• The abundance of boarfish (Capros aper) along the western shelf estimated using hydro-acoustics

    O'Donnell, C.; Farrell, E.; Saunders, R.; Campbell, A. (Marine Institute, 2012)
    The Boarfish (Capros aper, Linnaeus) is a relatively small deep bodied fish growing up to 23 cm in total length. Typically reddish in colour with large eyes and a highly protrusible mouth boarfish are known to inhabit shallow shelf seas to shelf slopes from 40-600 m. Boarfish are a mesopelagic shoaling species distributed in the eastern Atlantic from Norway to Senegal including the Mediterranean. Exploratory fishing for boarfish by Irish vessels began in the later 1980s when commercial quantities were encountered during the spring horse mackerel (Trachurus trachurus) and mackerel (Scrombrus scomber) fishery in northern Biscay. During the early 2000s the Irish landings were relatively small (<700 t per yr) and it was not until 2006 that a directed fishery developed in earnest. Landings peaked in 2010 at over 137,000 t prior to the introduction of TAC control and interim management plan. This survey represents the first dedicated exploratory acoustic survey for boarfish (Capros aper) undertaken along the western seaboard of Ireland. The survey was timed to coincide with peak spawning time as determined from histological analysis of commercial catch samples. Area coverage was based on the distribution of catches from the IBTS survey time series and from catch data from the pelagic fleet targeting boarfish since 2005. In total 3,160 nmi (nautical miles) of cruise track was undertaken by the MFV Felucca, over 32 transects relating to an area coverage of over 89,500 nmi². Coverage extended from the 50 m contour to the shelf slope (250 m). Transect spacing was set at 15 nmi throughout to make best use of the time available and the large geographical area to be covered. The results presented here are a composite of data collected during this survey and on the northwest herring survey (RV Celtic Explorer). Both surveys were timed to link up and were carried out over 33 days from north (59°N) to south (47°30’N). Acoustic data were collected using a Simrad EK 60 scientific echosounder via a Simrad ES-38B (38 KHz) split-beam transducer which was mounted within a tow-body. This configuration was calibrated on the survey vessel prior to departure. An age length key (ALK) compiled primarily from commercial samples collected during 2010 was applied during the analysis of survey data. Age distribution indicate that the stock was dominated by the following age classes in terms of abundance: 6, 7, 20+ and 9 year old fish and 20+, 9, 7 and 10 years in terms of biomass respectively. Immature fish from 0-2 years were poorly represented in survey catches and this is consistent with a spawning movement of mature stock away from feeding grounds on the shelf. During the survey boarfish shoals were primarily distributed along the shelf edge occurring as aggregations actively spawning or in a state of near readiness to spawn. As a result the abundance estimate is almost exclusively composed of mature individuals (>99%) which is in contrast to the primarily on-shelf distribution of commercial catches. The biomass and abundance estimates presented here were calculated using a modelled TS-length relationship, from as yet unpublished data for boarfish and applied retrospectively to acoustic data.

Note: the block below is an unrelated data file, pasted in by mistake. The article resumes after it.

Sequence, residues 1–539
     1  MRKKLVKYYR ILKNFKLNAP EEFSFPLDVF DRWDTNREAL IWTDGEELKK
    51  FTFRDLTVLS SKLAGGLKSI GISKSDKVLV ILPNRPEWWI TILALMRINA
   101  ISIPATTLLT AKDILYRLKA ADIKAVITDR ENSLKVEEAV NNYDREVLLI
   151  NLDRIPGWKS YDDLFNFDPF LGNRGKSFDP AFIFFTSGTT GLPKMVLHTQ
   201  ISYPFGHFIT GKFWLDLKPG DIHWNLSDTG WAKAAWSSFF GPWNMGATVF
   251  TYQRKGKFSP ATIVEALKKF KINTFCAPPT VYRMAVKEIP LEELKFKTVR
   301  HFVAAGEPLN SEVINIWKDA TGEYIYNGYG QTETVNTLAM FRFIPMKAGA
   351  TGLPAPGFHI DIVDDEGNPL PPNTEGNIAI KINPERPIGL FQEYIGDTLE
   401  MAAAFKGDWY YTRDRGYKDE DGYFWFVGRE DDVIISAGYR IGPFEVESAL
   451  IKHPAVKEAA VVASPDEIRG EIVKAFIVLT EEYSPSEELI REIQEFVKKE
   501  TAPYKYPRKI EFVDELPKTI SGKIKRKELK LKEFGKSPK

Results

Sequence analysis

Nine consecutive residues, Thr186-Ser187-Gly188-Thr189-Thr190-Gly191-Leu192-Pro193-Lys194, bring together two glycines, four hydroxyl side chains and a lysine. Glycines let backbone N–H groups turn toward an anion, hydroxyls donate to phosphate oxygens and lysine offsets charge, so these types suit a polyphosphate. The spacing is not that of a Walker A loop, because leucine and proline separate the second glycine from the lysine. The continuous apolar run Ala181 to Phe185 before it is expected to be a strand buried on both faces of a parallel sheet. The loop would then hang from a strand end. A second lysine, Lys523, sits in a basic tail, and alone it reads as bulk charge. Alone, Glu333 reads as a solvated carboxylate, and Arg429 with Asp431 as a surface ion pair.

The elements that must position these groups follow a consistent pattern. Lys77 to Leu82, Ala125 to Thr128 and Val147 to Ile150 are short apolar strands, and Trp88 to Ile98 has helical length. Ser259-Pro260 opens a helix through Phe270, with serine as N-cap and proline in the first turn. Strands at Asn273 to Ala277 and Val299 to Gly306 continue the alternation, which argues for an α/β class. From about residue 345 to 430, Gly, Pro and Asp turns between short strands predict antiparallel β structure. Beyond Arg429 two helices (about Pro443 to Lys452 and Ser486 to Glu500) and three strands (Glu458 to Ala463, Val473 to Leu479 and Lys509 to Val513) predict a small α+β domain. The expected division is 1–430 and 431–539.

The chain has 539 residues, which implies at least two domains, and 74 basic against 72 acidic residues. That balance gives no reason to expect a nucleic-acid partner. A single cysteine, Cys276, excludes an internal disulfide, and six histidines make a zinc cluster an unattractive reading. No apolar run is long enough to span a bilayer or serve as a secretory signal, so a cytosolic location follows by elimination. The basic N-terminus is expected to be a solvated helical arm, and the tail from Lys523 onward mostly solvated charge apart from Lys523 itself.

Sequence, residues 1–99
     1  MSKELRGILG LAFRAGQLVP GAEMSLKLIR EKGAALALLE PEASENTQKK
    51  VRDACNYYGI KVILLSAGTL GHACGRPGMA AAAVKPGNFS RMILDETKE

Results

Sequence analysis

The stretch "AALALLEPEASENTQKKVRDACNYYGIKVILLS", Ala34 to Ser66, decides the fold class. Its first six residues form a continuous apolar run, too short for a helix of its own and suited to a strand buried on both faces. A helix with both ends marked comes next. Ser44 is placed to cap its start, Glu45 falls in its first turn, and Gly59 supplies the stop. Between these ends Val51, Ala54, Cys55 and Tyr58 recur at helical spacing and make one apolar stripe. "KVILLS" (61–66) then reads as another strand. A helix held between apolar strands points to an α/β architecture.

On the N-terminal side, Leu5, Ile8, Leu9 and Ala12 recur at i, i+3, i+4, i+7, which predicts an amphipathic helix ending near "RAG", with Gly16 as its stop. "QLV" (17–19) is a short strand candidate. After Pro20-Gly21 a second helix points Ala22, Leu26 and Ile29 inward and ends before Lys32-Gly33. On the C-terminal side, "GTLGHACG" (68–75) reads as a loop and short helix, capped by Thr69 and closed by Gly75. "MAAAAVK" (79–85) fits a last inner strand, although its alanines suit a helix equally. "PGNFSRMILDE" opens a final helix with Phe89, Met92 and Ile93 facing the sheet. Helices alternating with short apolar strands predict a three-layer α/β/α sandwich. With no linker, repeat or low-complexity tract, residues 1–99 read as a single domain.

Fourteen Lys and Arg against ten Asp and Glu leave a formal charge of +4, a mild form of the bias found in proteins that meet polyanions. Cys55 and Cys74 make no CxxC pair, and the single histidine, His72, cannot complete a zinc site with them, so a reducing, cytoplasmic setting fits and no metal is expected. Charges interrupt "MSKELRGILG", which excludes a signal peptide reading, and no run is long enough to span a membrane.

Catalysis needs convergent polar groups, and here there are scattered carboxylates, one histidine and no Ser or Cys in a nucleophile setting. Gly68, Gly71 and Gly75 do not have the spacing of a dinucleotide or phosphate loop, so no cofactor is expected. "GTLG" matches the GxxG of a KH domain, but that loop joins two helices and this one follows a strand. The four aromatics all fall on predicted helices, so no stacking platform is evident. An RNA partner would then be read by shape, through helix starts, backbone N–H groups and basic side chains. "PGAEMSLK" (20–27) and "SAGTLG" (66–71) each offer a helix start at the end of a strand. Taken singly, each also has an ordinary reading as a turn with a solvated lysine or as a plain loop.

• Distribution, population structure, growth and reproduction of the razor clam Ensis arcuatus (Jeffreys) (Solenaceae) in coastal waters of western Ireland

    Fahy, E.; Norman, M.; Browne, R.; Roantree, V.; Pfeiffer, N.; Stokes, D.; Carroll, J.; Hannaffy, O. (Marine Institute, 2001)
    Samples of razor clams, Ensis arcuatus, the species which makes up the majority of landings from the west coast of Ireland, were collected by commercial fishery methods, in association with the dredge fishery and by scuba diving, from three locations off the coast of Co Galway. E. arcuatus occupies coarse sand (of maerl and shell fragments) and rarely co-exists with the other common species of the region, E. siliqua. E. arcuatus were aged, an age-length-key devised for them, and growth parameters (Linf, k and t0) were calculated. Their maturation state was established by histological examination. Evidence suggests that Ensis arcuatus is mainly a spring spawner, although some spawning appears to take place in most months, with a spatfall in June/July. Maturation commences in its third year. Asymptotic length is achieved at 10 years, approximately, and there was little variability in growth among the three sampling areas or between the sexes. In a small bed of razor clams in Cill Chiarain Bay, Co Galway, there would appear to have been a spatfall in most, if not all, of the past 15 years. The quantitative distribution of E. arcuatus in a single bay within the boundaries of Comharchuman Sliogeisc Chonamara Teo, Co Galway, was estimated by divers salting quadrats of 0.33 m2. The razor clam community is divided into a generally distributed fraction occurring at low density (described as the non-bed) and at a relatively higher density (described as the clam bed). The bed was situated in the lee of reefs, which is usually the case for this species along the Atlantic seaboard. More than 90% of the biomass was above the E.U. minimum size limit.
  • The inshore pot fishery for brown crab (Cancer pagurus) landing into south east Ireland: estimate of yield and assessment of status

    Fahy, E.; Carroll, J.; Stokes, D. (Marine Institute, 2002)